What could be better on a chilly morning than a pile of blueberry-sourdough pancakes smothered with fresh, homemade maple syrup? Nothing else this side of the pearly gates comes close. But maple syrup isn’t just for pancakes. It makes a wonderful natural topping for ice cream, pastries, and a thousand other dishes as well as a natural sweetener for teas and roasting meats.
This once common springtime activity has all but been forgotten. Few know how to harvest the natural sweetness found right in their own back yard. While now a mystery, the production of maple syrup requires little in the way of special equipment and doesn’t require a forest of trees. In fact, just s few items and one maple tree is all that is needed to get started.
Any maple tree larger than ten inches in diameter can be tapped, but some species are more productive than others. The native Sugar Maple have more sugar concentration than do Red Maple, Silver Maple (soft maple) or Box Elder, and takes takes less sugar-water to get more syrup. (Syrup is actually made from sugar-water, not sap, but most still call it “sap”.)
The larger the tree, the better. Maples that get plenty of sunshine, such as a yard tree, will produce more sugar-water than those crowded in woods. On a good day a tap on these “sap cows” can produce two gallons or more of sugar-water.
Tapping season can start as soon as New Years Day and run into April, depending on the location and weather. Being in tune with the seasons is crucial to know when to tap. Cold nights (20°F or below) followed by warm days (50°F or above) awaken the trees and start the magic of sugar-water flow. Tapping too soon can allow the tap holes to dry or seal before the real flow starts. Tapping too late can mean little or no syrup. In general, plan on tapping trees in the latter part of February to the first part of March. A run of extra-cold days, windy weather, or continued warm nights will halt the run temporarily. Generally the run will last until the weather starts staying above freezing or the sap turns from clear to milky, sometime in March or April.
For the small-producer tapping can be done with a brace and bit or better yet, a battery drill. For a snug fit, use a drill bit slightly smaller than your taps. A 7/16ths drill bit is best for common metal factory-made spiles.
Drill the hole two to three inches deep at a slightly uphill slant so that the sap can drain out. One hole can be drilled in a tree ten inches in diameter. If the tree is over eighteen inches in diameter two holes can be drilled. For heavier flow drill the holes above a large root. As the years go by, rotate your taps a couple inches away from the old hole.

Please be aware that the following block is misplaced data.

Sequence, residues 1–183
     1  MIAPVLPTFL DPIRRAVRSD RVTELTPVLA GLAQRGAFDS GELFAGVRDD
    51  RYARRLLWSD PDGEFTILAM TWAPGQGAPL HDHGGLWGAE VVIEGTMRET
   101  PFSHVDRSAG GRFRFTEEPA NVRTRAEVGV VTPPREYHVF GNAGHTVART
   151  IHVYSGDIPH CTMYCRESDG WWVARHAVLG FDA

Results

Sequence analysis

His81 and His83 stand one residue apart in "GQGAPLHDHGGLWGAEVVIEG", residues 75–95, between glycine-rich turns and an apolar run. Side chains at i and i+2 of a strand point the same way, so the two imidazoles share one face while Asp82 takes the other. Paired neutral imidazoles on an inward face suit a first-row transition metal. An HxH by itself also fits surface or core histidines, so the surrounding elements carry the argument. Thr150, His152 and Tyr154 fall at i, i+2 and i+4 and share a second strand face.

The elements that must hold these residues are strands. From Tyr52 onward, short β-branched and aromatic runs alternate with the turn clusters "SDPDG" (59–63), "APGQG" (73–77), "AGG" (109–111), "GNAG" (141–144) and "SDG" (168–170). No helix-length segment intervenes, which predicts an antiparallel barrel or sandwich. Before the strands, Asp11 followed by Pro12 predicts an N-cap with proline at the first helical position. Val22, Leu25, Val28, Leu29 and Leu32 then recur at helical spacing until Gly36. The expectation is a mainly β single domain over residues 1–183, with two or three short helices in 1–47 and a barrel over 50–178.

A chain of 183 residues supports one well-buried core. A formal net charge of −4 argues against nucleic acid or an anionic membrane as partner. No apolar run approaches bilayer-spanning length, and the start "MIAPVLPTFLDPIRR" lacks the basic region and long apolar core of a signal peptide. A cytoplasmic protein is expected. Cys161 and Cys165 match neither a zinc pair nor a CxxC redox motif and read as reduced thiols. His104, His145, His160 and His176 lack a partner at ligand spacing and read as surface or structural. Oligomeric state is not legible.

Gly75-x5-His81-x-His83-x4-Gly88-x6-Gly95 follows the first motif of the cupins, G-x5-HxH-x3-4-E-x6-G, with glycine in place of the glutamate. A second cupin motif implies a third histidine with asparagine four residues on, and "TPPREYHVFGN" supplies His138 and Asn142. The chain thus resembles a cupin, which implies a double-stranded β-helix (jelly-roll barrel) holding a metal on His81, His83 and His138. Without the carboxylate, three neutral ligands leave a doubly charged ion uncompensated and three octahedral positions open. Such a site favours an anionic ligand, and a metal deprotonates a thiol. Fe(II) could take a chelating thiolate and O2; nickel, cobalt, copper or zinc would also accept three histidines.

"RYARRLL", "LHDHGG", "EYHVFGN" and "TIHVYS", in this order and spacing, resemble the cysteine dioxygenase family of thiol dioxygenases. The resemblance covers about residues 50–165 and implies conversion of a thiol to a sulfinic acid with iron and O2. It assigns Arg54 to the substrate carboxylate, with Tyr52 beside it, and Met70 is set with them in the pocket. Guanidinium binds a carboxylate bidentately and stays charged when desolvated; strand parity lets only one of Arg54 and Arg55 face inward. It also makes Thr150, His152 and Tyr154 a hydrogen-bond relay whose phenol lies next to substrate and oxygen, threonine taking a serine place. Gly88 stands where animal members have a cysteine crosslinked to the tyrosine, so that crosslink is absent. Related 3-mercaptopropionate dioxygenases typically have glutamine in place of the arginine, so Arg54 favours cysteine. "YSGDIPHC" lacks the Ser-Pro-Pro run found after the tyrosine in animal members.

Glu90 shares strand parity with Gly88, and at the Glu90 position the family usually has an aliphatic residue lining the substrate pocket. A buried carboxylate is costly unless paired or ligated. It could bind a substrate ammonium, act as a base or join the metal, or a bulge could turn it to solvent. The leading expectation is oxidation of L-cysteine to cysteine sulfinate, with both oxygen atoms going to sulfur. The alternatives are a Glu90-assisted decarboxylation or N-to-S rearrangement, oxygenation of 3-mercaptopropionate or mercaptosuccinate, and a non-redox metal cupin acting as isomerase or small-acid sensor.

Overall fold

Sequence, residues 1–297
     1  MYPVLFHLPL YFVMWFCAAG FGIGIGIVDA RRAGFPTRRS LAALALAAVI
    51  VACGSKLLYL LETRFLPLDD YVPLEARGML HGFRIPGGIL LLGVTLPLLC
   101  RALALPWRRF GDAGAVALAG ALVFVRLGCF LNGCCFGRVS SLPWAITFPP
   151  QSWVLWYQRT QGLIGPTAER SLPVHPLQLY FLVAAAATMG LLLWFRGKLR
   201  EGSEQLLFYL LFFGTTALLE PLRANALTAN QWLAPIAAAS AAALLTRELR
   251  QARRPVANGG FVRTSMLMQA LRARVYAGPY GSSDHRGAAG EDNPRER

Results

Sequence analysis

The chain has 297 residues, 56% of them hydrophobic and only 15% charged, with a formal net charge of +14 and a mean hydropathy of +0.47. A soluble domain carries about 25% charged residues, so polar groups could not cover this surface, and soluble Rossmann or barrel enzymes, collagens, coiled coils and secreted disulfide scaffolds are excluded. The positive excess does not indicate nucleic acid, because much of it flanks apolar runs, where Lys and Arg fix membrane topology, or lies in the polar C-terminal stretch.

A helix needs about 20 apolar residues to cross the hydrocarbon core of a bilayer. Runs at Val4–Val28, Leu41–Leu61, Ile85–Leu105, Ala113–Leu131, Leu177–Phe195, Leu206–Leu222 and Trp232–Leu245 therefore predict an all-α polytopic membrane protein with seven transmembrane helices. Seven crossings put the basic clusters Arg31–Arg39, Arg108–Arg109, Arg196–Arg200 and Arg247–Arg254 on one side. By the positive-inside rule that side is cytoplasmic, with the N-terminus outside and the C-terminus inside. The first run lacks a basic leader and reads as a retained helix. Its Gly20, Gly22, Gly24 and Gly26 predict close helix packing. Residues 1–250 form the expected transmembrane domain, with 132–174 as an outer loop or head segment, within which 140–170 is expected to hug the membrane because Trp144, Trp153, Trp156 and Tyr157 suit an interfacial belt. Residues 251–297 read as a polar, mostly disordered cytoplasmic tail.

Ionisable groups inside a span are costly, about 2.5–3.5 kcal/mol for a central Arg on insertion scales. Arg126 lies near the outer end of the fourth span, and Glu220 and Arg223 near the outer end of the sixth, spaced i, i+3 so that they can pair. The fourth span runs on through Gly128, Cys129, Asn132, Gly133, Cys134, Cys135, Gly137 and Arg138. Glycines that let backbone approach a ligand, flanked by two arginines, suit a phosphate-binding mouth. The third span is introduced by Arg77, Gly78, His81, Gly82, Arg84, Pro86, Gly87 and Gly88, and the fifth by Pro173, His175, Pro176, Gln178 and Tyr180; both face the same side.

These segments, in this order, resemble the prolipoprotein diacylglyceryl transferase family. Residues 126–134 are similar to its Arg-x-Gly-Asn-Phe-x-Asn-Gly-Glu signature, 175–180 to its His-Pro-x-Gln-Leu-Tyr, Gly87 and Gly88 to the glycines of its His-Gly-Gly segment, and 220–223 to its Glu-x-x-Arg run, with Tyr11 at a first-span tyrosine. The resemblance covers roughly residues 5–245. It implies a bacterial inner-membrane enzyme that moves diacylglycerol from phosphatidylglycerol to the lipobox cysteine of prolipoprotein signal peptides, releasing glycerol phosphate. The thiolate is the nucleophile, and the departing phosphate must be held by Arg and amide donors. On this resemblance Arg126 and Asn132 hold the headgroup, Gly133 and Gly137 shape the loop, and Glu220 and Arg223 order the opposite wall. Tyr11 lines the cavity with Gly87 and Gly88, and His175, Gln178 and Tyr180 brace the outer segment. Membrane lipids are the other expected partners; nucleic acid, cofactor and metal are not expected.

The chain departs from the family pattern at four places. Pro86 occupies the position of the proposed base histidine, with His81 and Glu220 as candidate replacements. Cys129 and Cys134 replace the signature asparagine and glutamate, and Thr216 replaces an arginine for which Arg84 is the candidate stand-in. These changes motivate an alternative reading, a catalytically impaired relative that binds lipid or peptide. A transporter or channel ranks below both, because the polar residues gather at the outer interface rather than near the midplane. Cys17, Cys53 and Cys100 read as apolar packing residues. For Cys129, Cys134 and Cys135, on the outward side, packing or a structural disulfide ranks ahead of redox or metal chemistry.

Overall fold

Drive the taps with a hammer until the tap seals and sap starts coming out the tap. Don’t hammer the spiles in too tight. Not only can the spile be damaged, they can be a problem to remove at the end of the run.
Euell Gibbons told of using elderberry stems in his book, Stalking the Wild Asparagus. He would cut them in four inch lengths and punch out the pith with an iron rod. After whittling a slight taper on one end he would cut a notch for hanging the bucket on the other end.
Two gallon tin or galvanized buckets are often used but plastic gallon milk jugs work fine when using common aluminum spiles. A hole is made just above the handle for the spout of the tap and a smaller hole is made for the spile hook lower on the handle. Keep the caps on the jugs to help keep most of the bugs and debris out. Insects will find their way into the sweet water no matter what you do. Just filter them out when you transfer the sugar-water into the holding tank.
Collect the sugar-water daily. As the day warms the sugar-water will begin to flow and drip into the bucket. A drop a second is a good rate.
Collecting the sugar-water can be done at any time but afternoon is best because the buckets can be frozen in the morning. Hand-carried five-gallon buckets can be used for short trips but plan on hauling a collecting tank on a wagon or sled for long trips.
The collecting tank can also be used as a holding tank. Plastic 55-gallon soft-drink syrup drums are great and can be bought from soft drink bottlers.
The bulk of the boiling process is nothing more than boiling off water and concentrating the sugar water into syrup. Find a large container like an old steam table tray, kettle, or even a four quart pot. I have used wood stoves, gas grills, and kitchen stoves to boil. Wood evaporators are the cheapest. Kitchen stoves are the easiest to control.
Initially the goal is a strong rolling boil. Keep an eye on the pan levels and make sure the sugar water doesn’t boil over or get low and burn. At best, burnt syrup is hard to clean up. In the worst case it means replacing the pans.